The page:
Input costs on the rise for 2019

The cost of producing a grain crop is expected to rise next year and farm income is unlikely to increase, an agricultural economist with The Ohio State University has projected.

On average, profits for Ohio farmers next year will be “low to negative,” said Barry Ward, an assistant professor in the College of Food, Agricultural, and Environmental Sciences.

For the past five years, farm income nationwide has been declining, with the exception of 2017 when it increased slightly. Next year, fertilizer, seed, machinery, labor and energy costs likely will be “modestly higher,” Ward said.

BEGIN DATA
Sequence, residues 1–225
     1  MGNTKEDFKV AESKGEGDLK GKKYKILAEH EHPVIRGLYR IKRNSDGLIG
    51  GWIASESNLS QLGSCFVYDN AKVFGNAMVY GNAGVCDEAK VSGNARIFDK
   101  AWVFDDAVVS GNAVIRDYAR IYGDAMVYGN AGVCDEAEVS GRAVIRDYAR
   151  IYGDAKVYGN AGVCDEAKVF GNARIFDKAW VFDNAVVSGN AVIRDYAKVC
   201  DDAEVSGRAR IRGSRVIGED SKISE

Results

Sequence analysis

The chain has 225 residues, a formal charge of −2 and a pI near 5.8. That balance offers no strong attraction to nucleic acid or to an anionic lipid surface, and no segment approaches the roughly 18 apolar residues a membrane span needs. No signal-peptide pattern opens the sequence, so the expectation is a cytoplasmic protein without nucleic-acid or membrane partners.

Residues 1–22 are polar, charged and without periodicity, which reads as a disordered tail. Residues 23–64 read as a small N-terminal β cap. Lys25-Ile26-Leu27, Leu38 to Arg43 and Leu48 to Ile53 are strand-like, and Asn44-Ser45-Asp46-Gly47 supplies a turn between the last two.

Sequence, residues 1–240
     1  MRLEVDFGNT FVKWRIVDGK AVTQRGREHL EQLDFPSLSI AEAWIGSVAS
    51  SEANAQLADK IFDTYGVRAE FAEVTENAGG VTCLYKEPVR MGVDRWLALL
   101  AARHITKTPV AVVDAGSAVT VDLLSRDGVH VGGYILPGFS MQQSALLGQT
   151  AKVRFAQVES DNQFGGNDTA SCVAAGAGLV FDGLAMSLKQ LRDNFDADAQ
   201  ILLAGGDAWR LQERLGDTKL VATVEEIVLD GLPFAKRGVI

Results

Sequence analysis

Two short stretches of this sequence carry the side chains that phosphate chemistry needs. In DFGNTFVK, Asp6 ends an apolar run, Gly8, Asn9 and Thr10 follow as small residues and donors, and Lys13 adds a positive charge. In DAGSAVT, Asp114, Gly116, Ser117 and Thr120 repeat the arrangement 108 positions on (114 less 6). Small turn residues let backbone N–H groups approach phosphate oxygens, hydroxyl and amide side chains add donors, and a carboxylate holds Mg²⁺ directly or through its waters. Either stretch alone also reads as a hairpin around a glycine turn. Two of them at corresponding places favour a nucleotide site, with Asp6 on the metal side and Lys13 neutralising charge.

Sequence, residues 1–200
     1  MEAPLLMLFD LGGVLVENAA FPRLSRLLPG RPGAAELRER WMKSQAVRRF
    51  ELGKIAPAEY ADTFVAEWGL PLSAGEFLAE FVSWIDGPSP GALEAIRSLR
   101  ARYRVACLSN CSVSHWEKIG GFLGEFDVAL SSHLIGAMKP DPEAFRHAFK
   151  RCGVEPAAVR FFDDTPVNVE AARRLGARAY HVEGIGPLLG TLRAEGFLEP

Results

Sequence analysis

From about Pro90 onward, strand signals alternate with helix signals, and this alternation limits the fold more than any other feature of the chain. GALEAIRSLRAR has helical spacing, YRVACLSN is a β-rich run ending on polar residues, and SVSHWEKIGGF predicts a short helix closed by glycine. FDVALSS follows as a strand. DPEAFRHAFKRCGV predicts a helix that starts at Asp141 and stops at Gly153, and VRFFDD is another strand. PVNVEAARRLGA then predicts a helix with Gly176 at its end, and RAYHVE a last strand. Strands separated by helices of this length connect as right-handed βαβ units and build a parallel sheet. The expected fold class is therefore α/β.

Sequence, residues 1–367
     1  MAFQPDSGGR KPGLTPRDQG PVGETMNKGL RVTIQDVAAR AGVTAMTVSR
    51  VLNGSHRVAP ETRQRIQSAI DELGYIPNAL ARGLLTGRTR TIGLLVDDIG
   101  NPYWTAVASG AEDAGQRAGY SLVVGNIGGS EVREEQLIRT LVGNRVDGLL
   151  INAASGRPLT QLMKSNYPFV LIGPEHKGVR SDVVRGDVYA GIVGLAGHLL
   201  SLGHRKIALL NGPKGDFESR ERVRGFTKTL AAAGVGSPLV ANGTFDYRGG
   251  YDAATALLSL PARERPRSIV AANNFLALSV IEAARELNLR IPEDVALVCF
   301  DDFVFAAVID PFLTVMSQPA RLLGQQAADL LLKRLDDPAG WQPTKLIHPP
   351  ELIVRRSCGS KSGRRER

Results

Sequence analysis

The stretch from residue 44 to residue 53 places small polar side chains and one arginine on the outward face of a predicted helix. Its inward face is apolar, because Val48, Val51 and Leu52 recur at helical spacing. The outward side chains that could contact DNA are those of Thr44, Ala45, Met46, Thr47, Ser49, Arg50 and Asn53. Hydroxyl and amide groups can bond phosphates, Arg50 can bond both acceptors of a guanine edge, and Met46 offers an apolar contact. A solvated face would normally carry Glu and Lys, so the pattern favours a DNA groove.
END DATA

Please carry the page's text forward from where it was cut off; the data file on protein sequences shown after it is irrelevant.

“Nothing is really exploding, but we are going to see some increases,” Ward said.

Borrowing money will come at a higher cost because interest rates have gone up and will continue to increase in 2019, Ward said.

“We know farmers are borrowing more money now,” he said.

Land owners likely will see a decline in the value of their farmland as a result of the Federal Reserve’s interest rate hikes as well as the uncertainty that has come with the future of corn and soybean crop prices, Ward said.

Crop prices for corn and soybeans have trended lower since 2013, but some positive changes are expected in 2019. Ohio farmers’ tax bills could be lower. Across the state, farmland is being taxed at a lower rate due to a new law passed last summer.

The price of renting agricultural land in Ohio likely will be about the same or will go down slightly, about 2%, in 2019, Ward said.

And a new federal tax deduction allows farmers and other business owners to take a tax deduction of 20% on their qualified business income.

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